Which Joe gave his name to ‘sloppy joes’? We look at five interesting sandwiches and their lexical origins.
A person or thing held to be a bad influence on society:‘the strikers had been identified and pilloried as the new folk devils’
- ‘And the Jersey driver remains a prominent folk devil all over the Northeast: bumptious, heedless, hostile and barely competent.’
- ‘Its subject was the eponymous; the baseball capped, Burberry clad, gold jewellery bedecked folk devils that walk down every high street in Britain.’
- ‘The second involved a perhaps more familiar press folk devil - a girl of 12 becoming pregnant and deciding to keep the baby.’
- ‘This would be thinking about folk devils as some way equivalent to Agamben's conception of homo sacer.’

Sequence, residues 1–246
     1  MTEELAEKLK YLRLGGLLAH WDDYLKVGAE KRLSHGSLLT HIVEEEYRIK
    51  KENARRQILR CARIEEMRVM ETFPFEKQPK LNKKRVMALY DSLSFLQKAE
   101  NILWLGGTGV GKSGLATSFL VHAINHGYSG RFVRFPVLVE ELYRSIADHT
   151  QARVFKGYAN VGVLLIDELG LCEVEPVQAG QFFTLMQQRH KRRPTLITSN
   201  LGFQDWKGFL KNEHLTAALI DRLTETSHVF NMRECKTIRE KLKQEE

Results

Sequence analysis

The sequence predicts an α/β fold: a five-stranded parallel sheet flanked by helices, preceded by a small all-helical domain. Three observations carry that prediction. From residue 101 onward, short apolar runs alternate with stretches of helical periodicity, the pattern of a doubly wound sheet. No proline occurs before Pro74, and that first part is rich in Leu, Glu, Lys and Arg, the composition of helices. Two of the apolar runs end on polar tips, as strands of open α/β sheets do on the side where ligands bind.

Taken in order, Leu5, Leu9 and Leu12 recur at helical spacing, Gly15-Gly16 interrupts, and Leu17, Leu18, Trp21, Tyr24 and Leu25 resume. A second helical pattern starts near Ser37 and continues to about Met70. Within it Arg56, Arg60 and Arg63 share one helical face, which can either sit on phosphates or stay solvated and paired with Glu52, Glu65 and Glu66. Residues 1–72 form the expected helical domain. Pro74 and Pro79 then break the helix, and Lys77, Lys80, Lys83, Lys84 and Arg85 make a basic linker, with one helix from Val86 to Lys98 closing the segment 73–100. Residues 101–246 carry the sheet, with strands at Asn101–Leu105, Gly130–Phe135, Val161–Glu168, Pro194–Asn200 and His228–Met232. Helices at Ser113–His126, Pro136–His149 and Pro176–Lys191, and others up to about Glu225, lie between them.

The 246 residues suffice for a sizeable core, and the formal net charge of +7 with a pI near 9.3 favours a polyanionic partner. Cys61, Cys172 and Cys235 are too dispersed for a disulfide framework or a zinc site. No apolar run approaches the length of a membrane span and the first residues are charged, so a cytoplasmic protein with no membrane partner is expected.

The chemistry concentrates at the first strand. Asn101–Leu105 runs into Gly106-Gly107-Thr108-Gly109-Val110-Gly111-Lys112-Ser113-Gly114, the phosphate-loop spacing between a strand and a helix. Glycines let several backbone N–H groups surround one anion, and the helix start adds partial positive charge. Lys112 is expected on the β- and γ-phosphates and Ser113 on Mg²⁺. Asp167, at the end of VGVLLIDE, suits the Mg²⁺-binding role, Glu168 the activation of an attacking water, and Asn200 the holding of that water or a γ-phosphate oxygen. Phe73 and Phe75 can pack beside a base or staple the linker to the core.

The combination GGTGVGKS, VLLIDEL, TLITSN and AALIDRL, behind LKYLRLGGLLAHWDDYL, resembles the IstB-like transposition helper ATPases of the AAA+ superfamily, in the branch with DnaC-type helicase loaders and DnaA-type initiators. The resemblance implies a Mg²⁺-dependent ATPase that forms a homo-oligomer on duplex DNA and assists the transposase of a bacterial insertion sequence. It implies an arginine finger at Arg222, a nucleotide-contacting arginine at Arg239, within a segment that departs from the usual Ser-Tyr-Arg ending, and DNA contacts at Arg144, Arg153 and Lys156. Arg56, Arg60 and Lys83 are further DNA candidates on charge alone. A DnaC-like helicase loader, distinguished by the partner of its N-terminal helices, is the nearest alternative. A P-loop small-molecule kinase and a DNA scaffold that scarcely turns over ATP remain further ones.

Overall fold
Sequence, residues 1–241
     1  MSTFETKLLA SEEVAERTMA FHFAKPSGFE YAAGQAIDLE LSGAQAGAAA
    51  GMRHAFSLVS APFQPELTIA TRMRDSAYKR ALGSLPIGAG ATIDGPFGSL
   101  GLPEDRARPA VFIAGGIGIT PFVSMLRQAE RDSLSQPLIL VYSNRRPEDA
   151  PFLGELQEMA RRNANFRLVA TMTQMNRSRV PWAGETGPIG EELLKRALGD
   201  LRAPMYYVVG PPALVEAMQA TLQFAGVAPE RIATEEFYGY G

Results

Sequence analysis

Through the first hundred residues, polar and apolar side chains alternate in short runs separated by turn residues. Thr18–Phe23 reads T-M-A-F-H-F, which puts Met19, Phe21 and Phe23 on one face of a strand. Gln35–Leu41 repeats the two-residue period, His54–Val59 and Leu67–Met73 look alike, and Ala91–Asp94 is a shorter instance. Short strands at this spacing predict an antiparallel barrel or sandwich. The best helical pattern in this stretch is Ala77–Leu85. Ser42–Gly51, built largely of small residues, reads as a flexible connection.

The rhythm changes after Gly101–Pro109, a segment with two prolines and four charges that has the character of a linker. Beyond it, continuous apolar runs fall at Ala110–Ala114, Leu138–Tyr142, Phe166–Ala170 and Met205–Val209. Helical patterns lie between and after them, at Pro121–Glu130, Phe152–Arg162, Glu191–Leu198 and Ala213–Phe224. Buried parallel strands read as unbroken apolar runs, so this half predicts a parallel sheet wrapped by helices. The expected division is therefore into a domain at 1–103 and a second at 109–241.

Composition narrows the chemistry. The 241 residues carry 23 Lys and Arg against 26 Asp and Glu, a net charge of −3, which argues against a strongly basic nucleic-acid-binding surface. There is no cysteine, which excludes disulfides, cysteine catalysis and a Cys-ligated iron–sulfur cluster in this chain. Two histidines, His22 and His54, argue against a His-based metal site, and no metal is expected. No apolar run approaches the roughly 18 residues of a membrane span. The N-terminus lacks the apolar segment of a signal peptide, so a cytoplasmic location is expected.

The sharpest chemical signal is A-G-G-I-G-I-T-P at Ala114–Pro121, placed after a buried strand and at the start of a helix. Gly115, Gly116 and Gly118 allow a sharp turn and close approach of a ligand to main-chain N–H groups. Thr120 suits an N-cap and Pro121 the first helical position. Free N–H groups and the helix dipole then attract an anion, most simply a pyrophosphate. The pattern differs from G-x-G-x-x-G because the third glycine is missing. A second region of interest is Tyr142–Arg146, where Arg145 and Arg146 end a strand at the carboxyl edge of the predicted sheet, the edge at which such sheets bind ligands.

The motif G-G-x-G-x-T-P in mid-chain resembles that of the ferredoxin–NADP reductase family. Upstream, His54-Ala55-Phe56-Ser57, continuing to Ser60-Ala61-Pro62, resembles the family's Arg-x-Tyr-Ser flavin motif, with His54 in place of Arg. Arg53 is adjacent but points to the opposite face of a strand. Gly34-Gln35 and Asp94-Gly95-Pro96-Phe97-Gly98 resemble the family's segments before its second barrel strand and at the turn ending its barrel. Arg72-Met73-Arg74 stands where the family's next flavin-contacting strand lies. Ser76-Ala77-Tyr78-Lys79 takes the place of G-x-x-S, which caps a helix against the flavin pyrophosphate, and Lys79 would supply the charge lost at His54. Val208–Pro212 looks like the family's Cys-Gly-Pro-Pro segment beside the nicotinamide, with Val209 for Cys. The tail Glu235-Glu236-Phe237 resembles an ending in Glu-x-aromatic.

- ‘Yet when we think of child abuse, folk devils like them jump to the fore.’
- ‘But this ‘conservative’ genre has consistently explored social mores, popular concerns and contemporary folk devils.’
- ‘She says, ‘The goal of the moral panic is then to identify, restrain, and punish those folk devils.’’
- ‘Thus last year's folk devil becomes next year's pantomime dame.’
We take a look at several popular, though confusing, punctuation marks.
From Afghanistan to Zimbabwe, discover surprising and intriguing language facts from around the globe.
The definitions of ‘buddy’ and ‘bro’ in the OED have recently been revised. We explore their history and increase in popularity.